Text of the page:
Molecule of D-glucose (Sugar)
Equivalent iminosugar, with ring oxygen replaced by nitrogen
Iminosugars are analogues of sugars in which the oxygen is replaced by a nitrogen atom. This substitution prevents normal metabolism resulting in inhibition of glycosidases and glycosyltransferases.


The iminosugars are a widespread group of plant and microbial compounds that are attracting interest as therapeutic agents due to their ability to interact with human glycosidases, other proteins and sugar receptors [1]. They have many activities beneficial to health but due to difficulties with their identification and isolation most remain uninvestigated.
Carbohydrates are crucially important to the function of the human body and aberrations in sugar metabolism occur in most diseases; iminosugars can correct many of these faults.
In their simplest form they resemble furanose and pyranose monosaccharides with a nitrogen replacing the oxygen in the ring (see image).
The five ring structures fitting this classification that are most common in nature are: pyrrolidine, piperidine, pyrrolizidine, indolizidine and nor-tropane.
In the past, these compounds have been referred to by several names, including aza-sugars, glycosidase inhibitors and sugar analogues, and the variety and distribution of natural compounds have been reviewed [2,3]. Their activities on glycosidases can be very potent and precise unlike many non-specific glycosidase inhibitors that will bind to many proteins and, therefore, be inactivated before reaching their target enzymes.

Where they are found

The iminosugars seem to be more or less ubiquitous in plants, although there are taxonomic patterns in their distribution, e.g. calystegines occur in almost all species of the Solanaceae except in the genus Nicotiana but are rarely found in other plant families. The analysis, isolation and identification of iminosugars is difficult and has only been mastered by a limited number of researchers (Nash, Asano, Kato, Fleet and Molyneux have jointly reported most of the natural compounds [2,4]). Not all plants accumulate high concentrations of iminosugars and the amounts present can be below normal analytical detection levels. They may also be common microbial products but very few organisms have been studied due to difficulties in analysis.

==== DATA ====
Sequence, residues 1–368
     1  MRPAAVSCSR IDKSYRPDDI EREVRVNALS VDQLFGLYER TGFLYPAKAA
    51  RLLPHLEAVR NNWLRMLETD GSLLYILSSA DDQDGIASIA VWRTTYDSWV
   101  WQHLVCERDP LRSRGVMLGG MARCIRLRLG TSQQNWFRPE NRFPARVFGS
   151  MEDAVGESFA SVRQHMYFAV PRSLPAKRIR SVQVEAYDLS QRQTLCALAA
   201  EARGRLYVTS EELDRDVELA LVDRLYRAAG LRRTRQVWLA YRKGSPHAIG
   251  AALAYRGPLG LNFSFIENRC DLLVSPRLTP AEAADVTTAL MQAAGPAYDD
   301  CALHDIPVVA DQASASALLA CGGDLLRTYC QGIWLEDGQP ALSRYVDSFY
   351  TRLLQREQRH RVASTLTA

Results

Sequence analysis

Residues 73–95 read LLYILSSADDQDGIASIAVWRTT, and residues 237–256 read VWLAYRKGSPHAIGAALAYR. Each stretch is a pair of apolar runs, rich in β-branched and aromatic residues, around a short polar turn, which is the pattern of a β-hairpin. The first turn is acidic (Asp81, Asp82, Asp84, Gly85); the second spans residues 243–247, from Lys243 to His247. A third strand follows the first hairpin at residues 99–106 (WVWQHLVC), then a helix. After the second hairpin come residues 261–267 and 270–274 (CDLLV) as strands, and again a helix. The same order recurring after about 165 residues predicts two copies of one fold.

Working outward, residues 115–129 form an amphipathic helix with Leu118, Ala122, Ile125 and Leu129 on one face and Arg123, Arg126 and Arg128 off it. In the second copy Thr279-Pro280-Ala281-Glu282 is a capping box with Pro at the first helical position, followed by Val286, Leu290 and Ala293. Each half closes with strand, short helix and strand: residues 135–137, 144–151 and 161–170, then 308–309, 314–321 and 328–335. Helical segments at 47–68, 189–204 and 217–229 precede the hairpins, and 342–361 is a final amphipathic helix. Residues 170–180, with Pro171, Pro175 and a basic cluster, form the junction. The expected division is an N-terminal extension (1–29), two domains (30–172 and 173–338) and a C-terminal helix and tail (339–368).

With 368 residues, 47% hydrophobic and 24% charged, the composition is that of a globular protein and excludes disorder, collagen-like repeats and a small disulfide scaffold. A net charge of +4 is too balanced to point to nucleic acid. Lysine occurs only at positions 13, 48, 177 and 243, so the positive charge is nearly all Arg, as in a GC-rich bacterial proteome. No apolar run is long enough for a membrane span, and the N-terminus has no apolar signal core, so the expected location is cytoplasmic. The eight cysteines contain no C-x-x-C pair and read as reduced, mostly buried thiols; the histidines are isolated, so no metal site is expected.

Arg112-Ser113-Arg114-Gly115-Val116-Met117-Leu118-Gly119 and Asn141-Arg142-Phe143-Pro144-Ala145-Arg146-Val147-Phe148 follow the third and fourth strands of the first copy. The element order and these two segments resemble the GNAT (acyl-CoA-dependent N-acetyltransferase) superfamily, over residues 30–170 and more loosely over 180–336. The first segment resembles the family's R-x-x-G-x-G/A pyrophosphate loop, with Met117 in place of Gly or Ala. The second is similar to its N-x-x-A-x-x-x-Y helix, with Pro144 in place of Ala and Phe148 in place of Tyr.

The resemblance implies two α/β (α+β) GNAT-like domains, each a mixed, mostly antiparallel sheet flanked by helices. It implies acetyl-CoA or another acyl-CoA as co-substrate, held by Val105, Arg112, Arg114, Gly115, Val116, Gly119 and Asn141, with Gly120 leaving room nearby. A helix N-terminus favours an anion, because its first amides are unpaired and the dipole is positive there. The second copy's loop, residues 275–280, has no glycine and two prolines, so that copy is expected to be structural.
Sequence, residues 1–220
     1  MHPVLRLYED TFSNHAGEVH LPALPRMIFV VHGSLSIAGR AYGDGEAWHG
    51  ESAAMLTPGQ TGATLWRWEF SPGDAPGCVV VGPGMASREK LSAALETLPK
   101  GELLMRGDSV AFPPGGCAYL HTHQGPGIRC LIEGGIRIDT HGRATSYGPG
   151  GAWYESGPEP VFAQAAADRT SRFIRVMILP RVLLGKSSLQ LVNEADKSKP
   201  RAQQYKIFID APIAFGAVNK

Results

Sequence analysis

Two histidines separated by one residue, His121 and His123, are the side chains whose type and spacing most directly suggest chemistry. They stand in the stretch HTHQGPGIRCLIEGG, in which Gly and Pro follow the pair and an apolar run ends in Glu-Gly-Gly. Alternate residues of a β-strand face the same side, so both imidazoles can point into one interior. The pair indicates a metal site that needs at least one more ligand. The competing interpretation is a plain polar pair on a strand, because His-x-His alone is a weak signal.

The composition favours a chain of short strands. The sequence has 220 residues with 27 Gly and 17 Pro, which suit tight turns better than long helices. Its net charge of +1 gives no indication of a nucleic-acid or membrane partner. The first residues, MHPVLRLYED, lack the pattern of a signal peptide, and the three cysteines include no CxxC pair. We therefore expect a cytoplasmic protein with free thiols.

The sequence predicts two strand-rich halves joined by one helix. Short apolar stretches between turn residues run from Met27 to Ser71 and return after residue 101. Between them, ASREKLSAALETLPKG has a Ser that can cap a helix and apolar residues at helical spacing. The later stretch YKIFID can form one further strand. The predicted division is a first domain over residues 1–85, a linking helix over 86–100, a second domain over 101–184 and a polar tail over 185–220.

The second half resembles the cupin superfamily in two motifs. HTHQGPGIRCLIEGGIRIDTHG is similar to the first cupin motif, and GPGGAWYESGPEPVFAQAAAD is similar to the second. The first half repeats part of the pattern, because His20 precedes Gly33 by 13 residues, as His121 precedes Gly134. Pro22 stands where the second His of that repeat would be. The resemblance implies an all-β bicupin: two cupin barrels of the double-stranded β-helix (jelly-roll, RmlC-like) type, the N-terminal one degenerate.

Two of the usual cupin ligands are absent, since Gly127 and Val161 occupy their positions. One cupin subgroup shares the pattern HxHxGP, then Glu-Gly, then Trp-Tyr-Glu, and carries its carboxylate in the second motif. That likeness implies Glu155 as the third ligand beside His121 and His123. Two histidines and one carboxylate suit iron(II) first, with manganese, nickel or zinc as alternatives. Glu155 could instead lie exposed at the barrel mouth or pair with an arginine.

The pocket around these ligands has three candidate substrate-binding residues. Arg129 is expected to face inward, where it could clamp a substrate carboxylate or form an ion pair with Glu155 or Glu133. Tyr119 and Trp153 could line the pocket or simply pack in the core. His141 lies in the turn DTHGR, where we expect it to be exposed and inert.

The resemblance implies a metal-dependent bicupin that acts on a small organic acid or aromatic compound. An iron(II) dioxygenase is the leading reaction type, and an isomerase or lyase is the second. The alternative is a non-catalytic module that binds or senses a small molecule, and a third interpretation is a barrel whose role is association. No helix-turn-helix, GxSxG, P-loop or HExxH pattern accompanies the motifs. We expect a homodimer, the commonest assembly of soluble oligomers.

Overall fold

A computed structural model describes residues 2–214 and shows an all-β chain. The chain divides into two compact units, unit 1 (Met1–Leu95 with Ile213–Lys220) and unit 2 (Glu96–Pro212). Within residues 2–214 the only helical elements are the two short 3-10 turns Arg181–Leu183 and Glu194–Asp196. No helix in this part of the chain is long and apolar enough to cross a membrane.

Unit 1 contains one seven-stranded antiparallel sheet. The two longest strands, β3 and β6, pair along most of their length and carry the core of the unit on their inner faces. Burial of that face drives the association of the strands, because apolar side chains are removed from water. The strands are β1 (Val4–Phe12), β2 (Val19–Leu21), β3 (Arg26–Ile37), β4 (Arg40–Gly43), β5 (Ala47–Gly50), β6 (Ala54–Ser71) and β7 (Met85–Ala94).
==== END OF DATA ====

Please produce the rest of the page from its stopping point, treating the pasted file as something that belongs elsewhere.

1. Nash RJ, Kato A, Yu C-Y, Fleet GWJ (2011) Iminosugars as therapeutic agents: recent advances and promising trends. Future Med. Chem. 3 (12): 1513-1521.
  2. Watson AA, Fleet GWJ, Asano N, Molyneux RJ, Nash RJ (2001) Polyhydroxylated alkaloids — natural occurrence and therapeutic applications. Phytochemistry 56, 265-295.
  3. Asano N, Nash RJ, Molyneux RJ, Fleet GWJ (2000). Nitrogen-in-the-Ring Sugar Mimetics: Natural Occurrence, Biological Activity and Prospects for Therapeutic Application. Tetrahedron Asymmetry 11: 1645-1680.
  4. Kato A, Kato N, Adachi I, Hollinshead J, Fleet GWJ, Kuriyama C, Ikeda K, Asano N, Nash RJ (2007) Isolation of glycosidase-inhibiting hyacinthacines and related alkaloids from Scilla socialis, J. Nat. Prod: 70: 993-997.
  5. Galasko DR, Peskind E, Clark CM, Quinn JF, Ringman JM, Jicha GA, Cotman C, Cottrell B, Montine TJ, Thomas RG, Aisen P (2012) Antioxidants for Alzheimer Disease: A Randomized Clinical Trial With Cerebrospinal Fluid Biomarker Measures. Arch Neurol. 69: 836-841.
  6. Thompson AL, Michalik A, Nash RJ, Wilson FX, van Well R, Johnson P, Fleet GWJ, Yu C-Y, Hu X-G, Cooper RI and Watkin DJ (2009) Steviamine, a new class of indolizidine alkaloid [(1R,2S,3R,5R,8aR)-3-(Hydroxymethyl)-5- methyloctahydroindolizine-1,2-diol hydrobromide] Acta Cryst. E65, o2904.